Clues We Have Gathered


Kim, who was not quite 3 years old when the children fled Saigon, has no memories of Mr. Smith. Lam (age 10), Lan (12) and Hoa (15) remember he was attached to the US government in some way but wore civilian clothes; surely, he must have had powerful connections to get five children onto a commercial plane as South Vietnam was collapsing.


One person who was in Saigon in the waning days of the war says we might be looking for a Jim Smith who ran a Honolulu-based company called Southeast Asia Computer Associates. "He lived in a very nice home on Diamond Head and had a sailing yacht in Ala Moana Harbor." The manager of the firm's Saigon office was Nick or George Gramatikis (unsure of spelling), and the company also opened a small office in Hong Kong. "Jim was in Saigon often during this period and socialized with many top officials," our friend says. "I'm pretty sure George Jacobsen, the Deputy Ambassador for Field Operations, knew him, but George was older and might well be dead now. A much younger person who might have known him is Ken Moorefield. Ken was the Ambassador's aide, and later became a Commercial Attaché in South America. No clue where he is now. "

The person who knew that Jim Smith recalls that he was 50-60 years old in the early-to-mid 1970s, but he was unable to definitively say the face in our photos belonged to the same man.


Another person has suggested the man we're looking for was a USAID officer named James Thomas Smith Jr., who also may have been a Vietnamese language instructor at the Foreign Service Institute. This person gave us the name of another teacher at the Vietnam Training Center, George Cosgrove, and suggested he might have known Mr. Smith. But we have been unable to find Mr. Cosgrove, who was born January 7, 1937, in California and went to Laos after Vietnam.

According to an entry in the 1974 "stud book" of State Department officers, this Smith had been a Lieutenant Colonel in the Army before retiring and joining USAID. He worked "upcountry" in Vietnam (including Nha Trang) from 1965 to '74, when he transferred to Saigon. The book says he was born 5/6/26 in Kansas, meaning he would have been 49 when Saigon was evacuated -- perhaps a bit too young to be our Smith, although combat could have aged his face beyond his years. The person who knew this Smith says he must have joined the Army late in World War II to have gotten his 20 years; he retired in 1965.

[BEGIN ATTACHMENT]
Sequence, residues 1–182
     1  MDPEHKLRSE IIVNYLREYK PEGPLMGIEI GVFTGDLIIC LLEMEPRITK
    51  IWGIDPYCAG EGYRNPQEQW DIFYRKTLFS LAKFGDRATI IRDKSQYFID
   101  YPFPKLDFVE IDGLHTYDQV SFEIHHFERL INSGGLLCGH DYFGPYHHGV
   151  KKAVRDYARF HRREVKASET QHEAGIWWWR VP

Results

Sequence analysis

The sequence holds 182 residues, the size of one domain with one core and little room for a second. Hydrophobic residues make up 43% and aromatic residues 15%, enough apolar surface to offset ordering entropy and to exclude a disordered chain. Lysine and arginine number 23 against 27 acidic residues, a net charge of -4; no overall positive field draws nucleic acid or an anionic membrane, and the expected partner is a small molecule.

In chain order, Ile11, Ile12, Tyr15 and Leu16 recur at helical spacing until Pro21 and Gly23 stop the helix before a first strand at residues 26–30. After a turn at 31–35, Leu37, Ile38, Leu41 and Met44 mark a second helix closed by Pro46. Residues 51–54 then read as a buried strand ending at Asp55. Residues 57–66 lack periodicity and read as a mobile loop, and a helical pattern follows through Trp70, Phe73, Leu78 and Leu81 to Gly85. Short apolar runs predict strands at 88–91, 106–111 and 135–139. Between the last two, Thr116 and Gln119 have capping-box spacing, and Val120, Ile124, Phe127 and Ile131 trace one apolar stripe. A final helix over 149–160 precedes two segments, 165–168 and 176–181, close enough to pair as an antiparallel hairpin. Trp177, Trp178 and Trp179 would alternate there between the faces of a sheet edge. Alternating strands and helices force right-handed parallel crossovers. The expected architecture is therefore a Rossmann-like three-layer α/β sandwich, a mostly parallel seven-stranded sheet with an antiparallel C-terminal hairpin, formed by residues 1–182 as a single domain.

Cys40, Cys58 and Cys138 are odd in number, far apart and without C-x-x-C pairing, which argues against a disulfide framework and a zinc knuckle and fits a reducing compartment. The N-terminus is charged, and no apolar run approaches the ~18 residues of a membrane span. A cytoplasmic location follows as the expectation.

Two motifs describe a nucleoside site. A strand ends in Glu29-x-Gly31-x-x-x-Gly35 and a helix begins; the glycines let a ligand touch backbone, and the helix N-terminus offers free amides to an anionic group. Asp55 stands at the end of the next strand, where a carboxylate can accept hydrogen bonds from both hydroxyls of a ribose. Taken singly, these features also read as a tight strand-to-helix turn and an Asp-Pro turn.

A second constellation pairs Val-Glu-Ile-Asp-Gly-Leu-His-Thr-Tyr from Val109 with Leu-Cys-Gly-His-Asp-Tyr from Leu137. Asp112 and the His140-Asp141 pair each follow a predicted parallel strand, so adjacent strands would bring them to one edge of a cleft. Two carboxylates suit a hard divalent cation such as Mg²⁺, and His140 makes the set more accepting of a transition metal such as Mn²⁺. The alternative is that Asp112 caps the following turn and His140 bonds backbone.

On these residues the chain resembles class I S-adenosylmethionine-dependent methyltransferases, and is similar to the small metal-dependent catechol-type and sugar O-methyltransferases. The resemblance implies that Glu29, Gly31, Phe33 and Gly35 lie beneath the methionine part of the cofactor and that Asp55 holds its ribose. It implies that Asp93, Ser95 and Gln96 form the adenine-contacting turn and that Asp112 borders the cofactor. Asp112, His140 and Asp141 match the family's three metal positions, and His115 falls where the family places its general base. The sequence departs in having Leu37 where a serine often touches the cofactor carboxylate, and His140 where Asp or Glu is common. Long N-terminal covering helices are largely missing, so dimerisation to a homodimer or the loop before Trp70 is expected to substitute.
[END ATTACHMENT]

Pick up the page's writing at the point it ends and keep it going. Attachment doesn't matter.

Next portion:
We mention these names and details in the hopes they might jog someone's memory. With the fog of war, the passage of decades and a name like Jim Smith -- not to mention possible ties to the intelligence community -- we realize we might never find the man who changed our family's lives forever. And given his age at the time, it's highly unlikely he's still with us.

But if you read this site and might know anything at all about the man it's dedicated to -- or know where we might find his family -- we would be grateful for your help or ideas. As you've seen from the story links on this site, we've already been blessed by miraculous reunions with family we never thought we'd see again. In searching for our hero Mr. Smith, we're hoping for another miracle.








Copyright © 2007, Peter and Kim Delevett
Last Updated: November 30, 2007